By Jin-Soo Huh, the executive director of personalized learning at Distinctive Schools
The instructional coach is a teacher talking to another teacher." —Jim Knight
Developing a craft like teaching is challenging work. Developing it in an innovative, unfamiliar next generation model can be even more demanding. To support teachers to grow their practice, the Distinctive Schools teaching model employs instructional coaches who partner with teachers to give feedback through observations and conversations. The coaches’ role has evolved as our model has evolved to become more student-centered. At Chicago International Charter School Bucktown, managed by Distinctive Schools, instructional coaches Rachael Beucher and Blair Burson have coached from within the classroom, balancing teaching and coaching responsibilities. These coaches each have a resident teacher in their classrooms who they help develop so the resident can lead the classroom while the coach provides support to other teachers. The hybrid role has allowed them to deeply understand our next generation model to better support teachers in strengthening their craft.
As instructional coaches, Beucher and Burson serve as supports and partners for teachers through a variety of methods, including serving as a sounding board, modeling strong instructional practices, providing feedback through observations, and partnering on lesson planning. While implementing new curriculum and personalized instruction programs as teachers themselves, Beucher and Burson developed a deep empathy with the teachers they supported, which in turn gave them high teacher buy-in.
“It helped build strong relationships with my team members,” Burson reflected. “You can be a model. Coaching from within has really helped with my understanding of what is being taught and what supports students’ need because I’m teaching it every single day. That makes me feel more connected and understand better how a teacher might need to reteach a lesson or extend it.”
This strong understanding of the teacher experience also facilitated giving feedback to teachers. “I’m teaching alongside my teachers,” Beucher said. “When I am giving them feedback, it is not a top-down approach. They know I have faced similar challenges.” As a result of this relationship-building, teachers were more trusting and willing to ask for advice. Just as teachers need to develop deep relationships with their students to best understand their strengths, interests, and areas of development to provide them the best support, coaches must do the same with their teachers.
Jane Szot, the director of instructional coaching and development for Distinctive Schools, notes that this is especially crucial at a network like Distinctive Schools. Many new teachers were trained in a more traditional model, so new teachers may have a surface-level understanding of personalized learning. “When they see a personalized learning classroom in action, I think there is an assumption that there is less structure since students are moving freely in a flexible learning environment and working on different tasks,” Szot said. “Oftentimes, a new teacher may perceive this as not needing to institute rules and practice—but it is the exact opposite. These become even more important in a personalized learning classroom.”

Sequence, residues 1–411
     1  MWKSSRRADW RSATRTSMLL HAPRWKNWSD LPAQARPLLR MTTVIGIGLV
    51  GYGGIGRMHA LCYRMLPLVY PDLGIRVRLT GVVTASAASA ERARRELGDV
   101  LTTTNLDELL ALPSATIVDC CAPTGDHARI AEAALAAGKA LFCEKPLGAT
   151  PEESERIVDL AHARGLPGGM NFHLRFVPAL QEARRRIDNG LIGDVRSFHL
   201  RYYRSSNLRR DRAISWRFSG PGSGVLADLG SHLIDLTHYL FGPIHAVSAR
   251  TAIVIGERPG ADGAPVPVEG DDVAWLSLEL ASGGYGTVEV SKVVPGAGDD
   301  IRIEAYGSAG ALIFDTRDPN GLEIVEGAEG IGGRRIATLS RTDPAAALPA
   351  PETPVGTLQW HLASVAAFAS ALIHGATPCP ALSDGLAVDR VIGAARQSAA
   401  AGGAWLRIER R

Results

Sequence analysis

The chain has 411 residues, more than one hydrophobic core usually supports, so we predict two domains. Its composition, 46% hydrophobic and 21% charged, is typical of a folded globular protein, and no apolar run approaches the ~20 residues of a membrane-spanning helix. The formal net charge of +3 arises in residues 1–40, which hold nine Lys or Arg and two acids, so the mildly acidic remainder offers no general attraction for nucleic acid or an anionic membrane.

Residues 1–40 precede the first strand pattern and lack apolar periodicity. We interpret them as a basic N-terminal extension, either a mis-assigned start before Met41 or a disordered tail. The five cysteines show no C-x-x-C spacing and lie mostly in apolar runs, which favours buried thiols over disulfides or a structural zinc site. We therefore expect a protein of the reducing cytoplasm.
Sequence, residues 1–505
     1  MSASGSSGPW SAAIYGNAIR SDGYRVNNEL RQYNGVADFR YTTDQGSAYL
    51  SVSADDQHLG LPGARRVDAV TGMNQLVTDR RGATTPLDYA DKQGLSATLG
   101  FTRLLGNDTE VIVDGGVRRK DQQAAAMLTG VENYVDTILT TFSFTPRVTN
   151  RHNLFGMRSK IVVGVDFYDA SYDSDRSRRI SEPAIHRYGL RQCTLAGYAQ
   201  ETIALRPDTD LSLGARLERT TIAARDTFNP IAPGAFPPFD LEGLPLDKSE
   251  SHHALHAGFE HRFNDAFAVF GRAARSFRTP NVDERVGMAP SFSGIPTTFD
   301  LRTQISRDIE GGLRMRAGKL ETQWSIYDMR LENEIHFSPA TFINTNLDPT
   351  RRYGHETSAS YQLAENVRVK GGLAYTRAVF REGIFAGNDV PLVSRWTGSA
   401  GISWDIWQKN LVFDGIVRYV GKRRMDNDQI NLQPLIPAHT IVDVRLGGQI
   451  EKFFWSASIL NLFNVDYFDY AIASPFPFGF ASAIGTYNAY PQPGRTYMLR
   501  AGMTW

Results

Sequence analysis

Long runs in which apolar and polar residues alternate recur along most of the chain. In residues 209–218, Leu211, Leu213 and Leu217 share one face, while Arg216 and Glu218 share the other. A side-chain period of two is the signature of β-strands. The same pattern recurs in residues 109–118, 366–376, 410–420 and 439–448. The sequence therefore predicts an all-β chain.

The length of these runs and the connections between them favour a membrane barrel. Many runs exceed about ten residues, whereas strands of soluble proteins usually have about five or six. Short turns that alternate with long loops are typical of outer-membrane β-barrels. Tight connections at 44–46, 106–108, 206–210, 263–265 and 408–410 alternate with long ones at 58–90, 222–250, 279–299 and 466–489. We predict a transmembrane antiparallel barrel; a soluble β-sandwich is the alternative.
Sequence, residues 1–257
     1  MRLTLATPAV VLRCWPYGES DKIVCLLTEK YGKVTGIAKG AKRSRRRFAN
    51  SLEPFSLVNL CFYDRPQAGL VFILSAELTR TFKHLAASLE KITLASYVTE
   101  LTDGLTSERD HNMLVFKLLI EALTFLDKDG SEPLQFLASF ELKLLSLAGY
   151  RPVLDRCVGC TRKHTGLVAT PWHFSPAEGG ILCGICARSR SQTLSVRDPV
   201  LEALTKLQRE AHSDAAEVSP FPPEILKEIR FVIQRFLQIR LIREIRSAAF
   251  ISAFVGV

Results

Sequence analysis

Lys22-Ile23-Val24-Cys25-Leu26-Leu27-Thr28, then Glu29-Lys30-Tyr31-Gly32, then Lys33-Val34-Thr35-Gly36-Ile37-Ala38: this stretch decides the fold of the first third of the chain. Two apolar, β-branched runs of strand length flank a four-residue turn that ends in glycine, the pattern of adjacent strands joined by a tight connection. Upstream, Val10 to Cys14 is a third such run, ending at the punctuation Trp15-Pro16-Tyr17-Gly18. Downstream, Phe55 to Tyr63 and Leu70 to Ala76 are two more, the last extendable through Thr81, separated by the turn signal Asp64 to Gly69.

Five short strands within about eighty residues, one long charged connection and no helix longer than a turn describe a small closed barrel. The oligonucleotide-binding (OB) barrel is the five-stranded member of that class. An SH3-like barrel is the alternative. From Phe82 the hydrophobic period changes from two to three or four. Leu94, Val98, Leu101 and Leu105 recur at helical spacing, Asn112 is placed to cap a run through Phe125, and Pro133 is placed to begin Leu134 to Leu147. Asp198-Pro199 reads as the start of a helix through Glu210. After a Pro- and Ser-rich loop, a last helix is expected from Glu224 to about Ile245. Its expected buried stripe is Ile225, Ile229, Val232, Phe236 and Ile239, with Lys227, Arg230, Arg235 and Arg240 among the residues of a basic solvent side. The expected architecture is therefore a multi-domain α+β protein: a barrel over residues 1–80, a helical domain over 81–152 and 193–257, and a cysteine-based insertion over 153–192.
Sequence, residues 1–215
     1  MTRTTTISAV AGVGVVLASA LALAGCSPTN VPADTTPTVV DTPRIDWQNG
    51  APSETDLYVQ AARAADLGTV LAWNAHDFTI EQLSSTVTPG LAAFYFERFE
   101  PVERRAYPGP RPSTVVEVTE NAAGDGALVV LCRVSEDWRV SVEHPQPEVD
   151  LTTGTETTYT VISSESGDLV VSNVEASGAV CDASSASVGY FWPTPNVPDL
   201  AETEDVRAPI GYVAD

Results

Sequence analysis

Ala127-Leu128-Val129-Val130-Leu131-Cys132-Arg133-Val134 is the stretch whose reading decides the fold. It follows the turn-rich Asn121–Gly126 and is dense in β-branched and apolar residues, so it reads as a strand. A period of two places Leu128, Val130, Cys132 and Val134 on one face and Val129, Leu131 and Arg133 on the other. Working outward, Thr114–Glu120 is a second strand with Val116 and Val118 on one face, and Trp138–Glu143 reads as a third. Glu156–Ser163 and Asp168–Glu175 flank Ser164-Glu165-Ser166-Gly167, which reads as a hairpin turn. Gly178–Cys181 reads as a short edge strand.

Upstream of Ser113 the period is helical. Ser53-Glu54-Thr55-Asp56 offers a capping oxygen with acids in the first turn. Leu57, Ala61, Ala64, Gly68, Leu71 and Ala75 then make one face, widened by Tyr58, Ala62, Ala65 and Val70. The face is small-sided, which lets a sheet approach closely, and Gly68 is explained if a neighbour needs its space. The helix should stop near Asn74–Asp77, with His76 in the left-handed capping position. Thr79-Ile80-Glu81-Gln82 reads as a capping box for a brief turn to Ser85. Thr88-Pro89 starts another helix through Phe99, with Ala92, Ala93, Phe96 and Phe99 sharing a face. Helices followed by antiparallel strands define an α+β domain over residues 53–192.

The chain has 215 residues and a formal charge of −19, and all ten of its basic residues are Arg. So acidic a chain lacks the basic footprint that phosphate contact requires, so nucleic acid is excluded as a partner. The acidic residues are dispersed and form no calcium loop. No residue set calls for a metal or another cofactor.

Coaches support teachers transitioning to this model by introducing them to the language and delineating what personalized learning is and is not. Professional-development sessions and readings help support this, but even more beneficial is seeing it in action. Teachers can observe their coaches implementing personalized learning at a high level. Coaches then serve as a sounding board and encourage teachers to put aside their fears and try some personalized learning structures.
Balancing these dual roles does come with some challenges. Coaches do have dedicated time in their schedules to attend to their coaching duties. A resident teacher covers the classroom during this time. “It is definitely hard when in the classroom to support all of your teachers,” Beucher explained. “Kids always come first, so it is about trying to balance meeting every teacher’s need and every student’s need.” Burson described how students also had difficulties understanding the dual role; she has had to explain that her job is one that helps teachers and students, which means she will be out of their classroom at times. She also noted that the empathy goes both ways; teachers sometimes may be less prone to reach out since they know their coach has a lot on their plate.
While there are some challenges, the benefits that these dual roles play in personalized learning schools are huge. “Personalized learning is always evolving,” Szot shared. “In order to truly understand what it looks like, you have to be a teacher and live it every day. Coaches can field-test and pilot new strategies to see what works and be a model classroom for their peers. By learning about personalized learning alongside their peers and knowing more of the research as a leader, coaches can be a valuable resource for the network and for their peers.”
The opinions expressed in Next Gen Learning in Action are strictly those of the author(s) and do not reflect the opinions or endorsement of Editorial Projects in Education, or any of its publications.